Most importantly, it’s really easy to setup. A focus group or even a basic functioning product are way more expensive and time consuming. 

Step 3 – Did Any Customers Show Up?

Congratulations! If you’ve made it this far, you ran some ads to a landing page. Now let’s dig in to the results.

To refresh your memory, we want to answer a few simple questions to better understand if our business idea will be a success:

  • Question: How many potential customers exist looking for a solution to this problem?

Answer: Ad impressions

  • Question: How well does your business solve the problem for potential customers?

Answer: Ad click-through-rate (CTR)

  • Question: How many potential customers can you get to your front door?

Answer: Ad clicks

  • Question: How many potential customers are interested in pricing for your product?

Answer: Landing page CTR

  • Question: How many potential customers indicated they would pay you money?

Answer: Pricing button clicks

  • Question: How many potential customers are ready to buy now?

Answer: Email leads collected

  • Question: Can your business be profitable? How profitable?

Answer: The metrics from your demand test will help build an initial forecast

Let’s dive into our data to see what it tells us.

The very first question is probably the most important, how many potential customers exist looking for an answer to this problem?

In our test this data is easily accessible, and there’s good news for the future of ClaimSender. Google AdWords shows that there are thousands of daily searches related to healthcare claim forms. 

We dig in a bit more and find that our $50/day budget produced 48 clicks/day, with an average CPC of $1.08 (this data is for one day, but it’s representative of the other days in our test).

Our limited keyword test produced a solid number of impressions. A bunch more search volume likely exists for a few reasons:

  • We set our daily budget at $50, and hit that somewhat early in the day. 
  • Adwords budget alerts told us we could double our budget to get double the clicks at the same cost per click. 
  • We can expand our keyword set to include other health care companies and more niche terms. 

This is good news. It means we have plenty of room to grow through paid acquisition.

A quick trip to Google Trends tells us there’s perhaps at least double the volume if we include other healthcare companies besides United and Aetna. 

Adding Cigna alone would produce a lot more volume, and a bevy of others exist – Humana, Centene, HealthNet, WellCare, Molina, Magellan, etc.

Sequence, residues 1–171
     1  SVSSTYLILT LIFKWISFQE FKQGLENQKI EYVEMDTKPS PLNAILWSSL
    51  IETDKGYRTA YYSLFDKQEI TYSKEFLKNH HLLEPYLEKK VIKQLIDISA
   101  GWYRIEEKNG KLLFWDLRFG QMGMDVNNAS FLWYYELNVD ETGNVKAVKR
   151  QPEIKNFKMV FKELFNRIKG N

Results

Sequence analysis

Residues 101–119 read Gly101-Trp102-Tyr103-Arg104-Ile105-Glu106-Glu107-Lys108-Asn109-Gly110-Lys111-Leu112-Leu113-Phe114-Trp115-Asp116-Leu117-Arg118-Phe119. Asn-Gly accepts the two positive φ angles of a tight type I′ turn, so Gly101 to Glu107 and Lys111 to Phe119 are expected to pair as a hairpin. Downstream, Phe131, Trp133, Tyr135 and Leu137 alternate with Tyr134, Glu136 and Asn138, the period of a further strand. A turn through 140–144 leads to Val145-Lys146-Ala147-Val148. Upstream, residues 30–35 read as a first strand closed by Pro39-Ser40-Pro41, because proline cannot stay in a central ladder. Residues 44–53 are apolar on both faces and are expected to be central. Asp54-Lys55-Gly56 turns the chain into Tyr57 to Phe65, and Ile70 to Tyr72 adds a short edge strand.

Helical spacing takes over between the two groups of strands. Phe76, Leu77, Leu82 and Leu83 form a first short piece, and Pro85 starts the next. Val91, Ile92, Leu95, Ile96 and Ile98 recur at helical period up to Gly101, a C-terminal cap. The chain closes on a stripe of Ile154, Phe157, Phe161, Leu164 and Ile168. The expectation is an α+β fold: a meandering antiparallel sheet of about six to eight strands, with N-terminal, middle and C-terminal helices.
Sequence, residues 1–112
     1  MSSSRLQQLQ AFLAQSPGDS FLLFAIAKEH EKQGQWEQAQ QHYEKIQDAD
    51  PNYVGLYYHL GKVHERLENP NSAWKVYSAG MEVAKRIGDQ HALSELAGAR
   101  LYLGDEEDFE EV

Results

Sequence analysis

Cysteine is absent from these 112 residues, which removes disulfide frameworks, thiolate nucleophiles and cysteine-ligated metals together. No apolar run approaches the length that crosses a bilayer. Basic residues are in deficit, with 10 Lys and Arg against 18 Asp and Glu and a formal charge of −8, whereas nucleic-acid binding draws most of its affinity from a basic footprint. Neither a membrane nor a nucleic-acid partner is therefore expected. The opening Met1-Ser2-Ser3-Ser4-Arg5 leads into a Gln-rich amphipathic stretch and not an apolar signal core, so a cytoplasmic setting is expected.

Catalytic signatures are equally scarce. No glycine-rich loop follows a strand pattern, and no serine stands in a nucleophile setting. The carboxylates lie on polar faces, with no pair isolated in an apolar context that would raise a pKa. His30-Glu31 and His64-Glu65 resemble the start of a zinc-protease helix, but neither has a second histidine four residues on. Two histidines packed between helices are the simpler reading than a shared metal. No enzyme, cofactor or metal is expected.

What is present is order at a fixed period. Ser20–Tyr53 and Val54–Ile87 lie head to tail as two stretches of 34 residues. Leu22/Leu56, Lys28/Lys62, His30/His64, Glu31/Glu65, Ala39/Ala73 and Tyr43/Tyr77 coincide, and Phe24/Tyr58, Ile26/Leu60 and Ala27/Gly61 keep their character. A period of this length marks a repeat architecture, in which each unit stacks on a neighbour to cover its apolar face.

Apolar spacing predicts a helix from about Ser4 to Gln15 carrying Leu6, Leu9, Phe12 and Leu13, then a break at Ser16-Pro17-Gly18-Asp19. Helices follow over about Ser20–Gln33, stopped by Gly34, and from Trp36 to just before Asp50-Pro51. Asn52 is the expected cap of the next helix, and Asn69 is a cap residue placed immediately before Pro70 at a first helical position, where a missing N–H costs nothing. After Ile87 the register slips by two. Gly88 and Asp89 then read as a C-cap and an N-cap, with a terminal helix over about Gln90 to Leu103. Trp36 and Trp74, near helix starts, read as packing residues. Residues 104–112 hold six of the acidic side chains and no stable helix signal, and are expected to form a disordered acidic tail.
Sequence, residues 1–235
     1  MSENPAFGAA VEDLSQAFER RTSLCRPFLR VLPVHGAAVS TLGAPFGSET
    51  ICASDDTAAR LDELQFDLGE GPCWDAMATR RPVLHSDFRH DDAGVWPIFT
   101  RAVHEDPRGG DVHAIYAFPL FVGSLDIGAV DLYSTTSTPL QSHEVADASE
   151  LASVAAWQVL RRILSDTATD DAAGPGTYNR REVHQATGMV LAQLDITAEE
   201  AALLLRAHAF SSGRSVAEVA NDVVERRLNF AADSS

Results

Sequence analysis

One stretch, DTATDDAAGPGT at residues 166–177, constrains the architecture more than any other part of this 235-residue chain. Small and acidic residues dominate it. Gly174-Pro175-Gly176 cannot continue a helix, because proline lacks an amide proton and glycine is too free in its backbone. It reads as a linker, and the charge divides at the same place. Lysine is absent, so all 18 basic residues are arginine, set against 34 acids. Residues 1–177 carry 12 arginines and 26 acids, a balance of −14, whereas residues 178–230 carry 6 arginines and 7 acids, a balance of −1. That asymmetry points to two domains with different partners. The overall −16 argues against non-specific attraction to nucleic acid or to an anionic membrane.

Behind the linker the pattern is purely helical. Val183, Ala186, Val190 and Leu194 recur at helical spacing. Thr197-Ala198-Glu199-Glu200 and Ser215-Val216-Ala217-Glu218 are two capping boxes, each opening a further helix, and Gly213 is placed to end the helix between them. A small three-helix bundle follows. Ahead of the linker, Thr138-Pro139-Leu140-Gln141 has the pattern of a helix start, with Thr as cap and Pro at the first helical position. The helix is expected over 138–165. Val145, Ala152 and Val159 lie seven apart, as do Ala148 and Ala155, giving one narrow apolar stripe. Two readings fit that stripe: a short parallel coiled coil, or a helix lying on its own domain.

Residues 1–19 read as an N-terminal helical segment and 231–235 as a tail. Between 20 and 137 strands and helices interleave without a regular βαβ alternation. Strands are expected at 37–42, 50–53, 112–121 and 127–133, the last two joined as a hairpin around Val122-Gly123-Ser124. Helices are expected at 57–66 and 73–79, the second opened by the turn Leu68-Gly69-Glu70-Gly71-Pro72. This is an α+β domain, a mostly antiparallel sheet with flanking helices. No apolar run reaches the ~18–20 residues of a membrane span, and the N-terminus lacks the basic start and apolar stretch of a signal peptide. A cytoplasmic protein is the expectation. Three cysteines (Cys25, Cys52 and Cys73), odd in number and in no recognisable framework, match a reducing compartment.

So the answer to our question is: “enough to keep learning”. No red flags on this step, let’s keep moving.

How well does your business solve the problem for potential customers?

I’ve seen click through rates from 0.01% up to 8% for AdWords campaigns. Our ads clocked in at a robust ~2.9%, a great result for a first attempt. 

Hitting nearly 3% on our initial go shows that our ads appealed to people searching for a remedy to their health care claim filing pain. 

We struck a nerve!

You can always improve on your first attempt, so the answer here is two strong thumbs up.

How many potential customers can you get to your front door?

Don’t sugarcoat this number. Is it enough to support a business if we convert a reasonable percentage of tire-kickers into customers?

Our ads delivered ~50 clicks per day.

However, our budget and keyword set constrained us. If we cranked our budget up and expanded our keyword set to include other healthcare companies, we could likely make that 50 turn into 150-200 per day. 

Pencil in a conversion rate of 0.5% – 2% (some rule of thumb averages, your mileage may vary) and you have your likely customers per day.

If we get 200 interested people to the site, and convert a handful to paying customers, will that be enough to build a business? Perhaps, but let’s cover that in the spreadsheet section. Stay tuned.

How many potential customers showed interest in seeing how much your service cost?

Here’s what they saw after clicking an ad and landing at http://try.claimsender.com/

26.67% clicked the “Get Started” button, one-in-four is not bad at all.

How many potential customers indicated they would pay you money? 

As the saying goes, “the proof is in the pudding” and it’s pudding time. We’ll measure this by looking at two things:

  • Unique users clicking on one of the sign up buttons